Ontario fire engineer Mark Zinda collected $395,989 in pay and benefits last year — more than quadruple his $90,167 salary, according to just released salary data.
Today, Transparent California released previously-unseen 2015 public employee compensation data — complete with names, pay, and benefits — for 379 cities and 42 counties statewide on TransparentCalifornia.com, the state’s largest public sector compensation database.
A survey of 45 Inland Empire cities — representing 95 percent of the Inland Empire population — reveals that the average full-time city worker received $127,730 in total compensation last year.
The five highest-compensated city workers in the Inland Empire were:
- Fontana city manager Kenneth Hunt: $453,620.
- Riverside assistant police chief Christopher Vicino: $433,316.
- Palm Springs city manager David Ready: $421,222.
- Ontario city manager Al Boling: $419,640.
- Fired Hemet city manager Walter Hill’s $280,514 lump sum payout boosted his total compensation to: $414,163.
The top five Inland Empire cities with the highest average compensation package for full-time employees were:
- Corona: $164,714
- Indian Wells: $155,527
- Rialto: $149,953
- Cathedral City: $148,745
- Palm Desert: $146,801
Rialto’s 19 percent increase in employee compensation from the previous year was the highest of any city statewide with at least $10 million in total employee compensation and over five times the 3.8 percent statewide average. Ontario’s 12 percent increase was 12th highest statewide and 2nd highest amongst the 45 Inland Empire cities surveyed.
Total compensation can more than quadruple base salary
In the public sector, salary often represents only a fraction of an employee’s total compensation package, according to Transparent California’s research director Robert Fellner.
“While taxpayers may assume salary represents nearly all of an employee’s compensation package, some public employees collect compensation packages worth more than quadruple their base salary.”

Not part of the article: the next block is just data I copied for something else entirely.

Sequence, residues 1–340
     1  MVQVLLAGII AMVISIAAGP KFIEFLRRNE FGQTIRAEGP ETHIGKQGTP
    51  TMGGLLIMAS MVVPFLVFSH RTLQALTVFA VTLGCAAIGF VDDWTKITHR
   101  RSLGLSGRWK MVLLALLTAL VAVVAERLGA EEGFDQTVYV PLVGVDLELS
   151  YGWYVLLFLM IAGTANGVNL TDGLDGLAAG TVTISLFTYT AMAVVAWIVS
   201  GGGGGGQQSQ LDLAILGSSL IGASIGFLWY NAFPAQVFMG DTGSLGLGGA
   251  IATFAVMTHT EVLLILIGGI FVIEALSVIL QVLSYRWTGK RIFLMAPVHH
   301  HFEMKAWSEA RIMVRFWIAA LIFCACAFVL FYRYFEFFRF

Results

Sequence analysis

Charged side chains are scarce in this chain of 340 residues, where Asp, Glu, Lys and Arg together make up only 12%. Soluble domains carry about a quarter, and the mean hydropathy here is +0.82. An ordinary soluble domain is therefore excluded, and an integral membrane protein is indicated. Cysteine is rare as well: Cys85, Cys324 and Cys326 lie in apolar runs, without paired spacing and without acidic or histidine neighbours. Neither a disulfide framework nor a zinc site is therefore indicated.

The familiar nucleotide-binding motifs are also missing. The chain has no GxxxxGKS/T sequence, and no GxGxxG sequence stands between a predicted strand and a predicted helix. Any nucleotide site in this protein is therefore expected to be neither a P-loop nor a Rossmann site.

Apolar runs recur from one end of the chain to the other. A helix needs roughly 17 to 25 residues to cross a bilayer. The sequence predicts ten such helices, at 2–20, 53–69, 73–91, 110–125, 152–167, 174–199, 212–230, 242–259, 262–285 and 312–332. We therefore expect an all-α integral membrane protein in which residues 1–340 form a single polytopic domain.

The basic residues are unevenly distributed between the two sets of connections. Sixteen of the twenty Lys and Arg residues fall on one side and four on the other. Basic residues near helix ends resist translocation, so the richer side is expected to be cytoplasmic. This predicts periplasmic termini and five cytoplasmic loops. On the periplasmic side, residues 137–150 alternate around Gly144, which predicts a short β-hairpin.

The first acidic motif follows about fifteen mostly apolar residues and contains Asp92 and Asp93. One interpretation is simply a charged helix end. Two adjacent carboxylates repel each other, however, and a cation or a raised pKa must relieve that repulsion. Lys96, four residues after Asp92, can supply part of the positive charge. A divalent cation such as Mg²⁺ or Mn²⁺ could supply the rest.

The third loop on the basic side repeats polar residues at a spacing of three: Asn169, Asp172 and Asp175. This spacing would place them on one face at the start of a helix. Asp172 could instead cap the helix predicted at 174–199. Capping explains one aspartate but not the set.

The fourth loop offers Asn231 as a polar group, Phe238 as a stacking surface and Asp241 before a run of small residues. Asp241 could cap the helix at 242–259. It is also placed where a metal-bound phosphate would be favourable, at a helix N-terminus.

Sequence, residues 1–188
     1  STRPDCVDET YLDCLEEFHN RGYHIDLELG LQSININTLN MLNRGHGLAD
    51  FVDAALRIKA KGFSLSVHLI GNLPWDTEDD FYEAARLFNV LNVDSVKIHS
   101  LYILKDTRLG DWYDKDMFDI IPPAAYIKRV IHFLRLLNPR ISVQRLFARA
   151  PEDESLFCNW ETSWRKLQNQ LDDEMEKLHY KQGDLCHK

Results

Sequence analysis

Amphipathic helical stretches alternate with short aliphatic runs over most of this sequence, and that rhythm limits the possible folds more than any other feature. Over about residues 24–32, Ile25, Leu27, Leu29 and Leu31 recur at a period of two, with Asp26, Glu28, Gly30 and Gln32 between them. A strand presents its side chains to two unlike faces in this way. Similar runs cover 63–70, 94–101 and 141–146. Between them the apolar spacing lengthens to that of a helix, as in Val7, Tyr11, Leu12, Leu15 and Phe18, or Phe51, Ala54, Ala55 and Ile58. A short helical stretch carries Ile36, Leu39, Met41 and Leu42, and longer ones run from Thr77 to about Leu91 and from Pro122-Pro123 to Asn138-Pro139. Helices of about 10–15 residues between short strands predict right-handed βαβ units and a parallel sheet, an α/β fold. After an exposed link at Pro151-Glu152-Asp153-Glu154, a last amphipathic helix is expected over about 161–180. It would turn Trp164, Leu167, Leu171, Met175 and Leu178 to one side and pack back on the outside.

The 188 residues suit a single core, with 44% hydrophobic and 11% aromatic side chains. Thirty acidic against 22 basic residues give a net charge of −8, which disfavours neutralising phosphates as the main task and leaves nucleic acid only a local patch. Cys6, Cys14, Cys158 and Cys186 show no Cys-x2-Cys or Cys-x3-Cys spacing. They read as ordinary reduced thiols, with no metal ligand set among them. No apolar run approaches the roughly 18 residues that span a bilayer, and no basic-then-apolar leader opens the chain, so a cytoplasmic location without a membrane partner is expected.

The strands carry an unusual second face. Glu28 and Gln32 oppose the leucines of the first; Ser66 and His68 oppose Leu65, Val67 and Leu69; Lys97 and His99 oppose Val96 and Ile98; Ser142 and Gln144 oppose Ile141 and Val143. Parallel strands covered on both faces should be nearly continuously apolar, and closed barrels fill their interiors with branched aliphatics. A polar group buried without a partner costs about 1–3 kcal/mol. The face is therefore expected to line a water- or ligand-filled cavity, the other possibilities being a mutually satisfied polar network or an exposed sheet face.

Statewide, the average city’s total employee compensation was 55 percent greater than total salary paid. The cities of Rialto, Corona, Hemet and Ontario’s total compensation was 98, 97, 92 and 91 percent more than total salary paid — which ranked second, fourth, seventh and eighth-highest out of the 379 cities surveyed statewide.
Ontario firefighter Ronald Spellman joined Zinda in receiving total compensation ($334,788) that was more than quadruple his salary ($73,713) — a feat accomplished by only ten other city employees out of the more than 132,000 surveyed statewide.
The chart below shows the breakdown of compensation received by these two Ontario employees, as well as San Bernardino County Fire captain Jonathan Schaefer.
Breakdown of compensation received by 3 Inland Empire government workers, 2015
The 3 highest-compensated county workers were:
- Riverside County medical director Jerry Dennis: $809,415
- Riverside County assistant sheriff Lee Wagner: $691,489
- San Bernardino County chief executive officer: Gregory Devereaux: $549,803
Dennis and Wagner’s 2015 compensation was roughly double what they received the previous year, mostly due to lump-sum payments of $418,440 and $377,326, respectively. Devereaux’s 2015 compensation represented a roughly $60,000 increase from the previous year.
Compensation is defined as total wages plus the employer cost of retirement and health benefits. Full-time, year-round employees are defined as those receiving a salary equal or greater to 90 percent of the “annual salary minimum” reported.
To view the entire dataset in a searchable and downloadable format, visit TransparentCalifornia.com.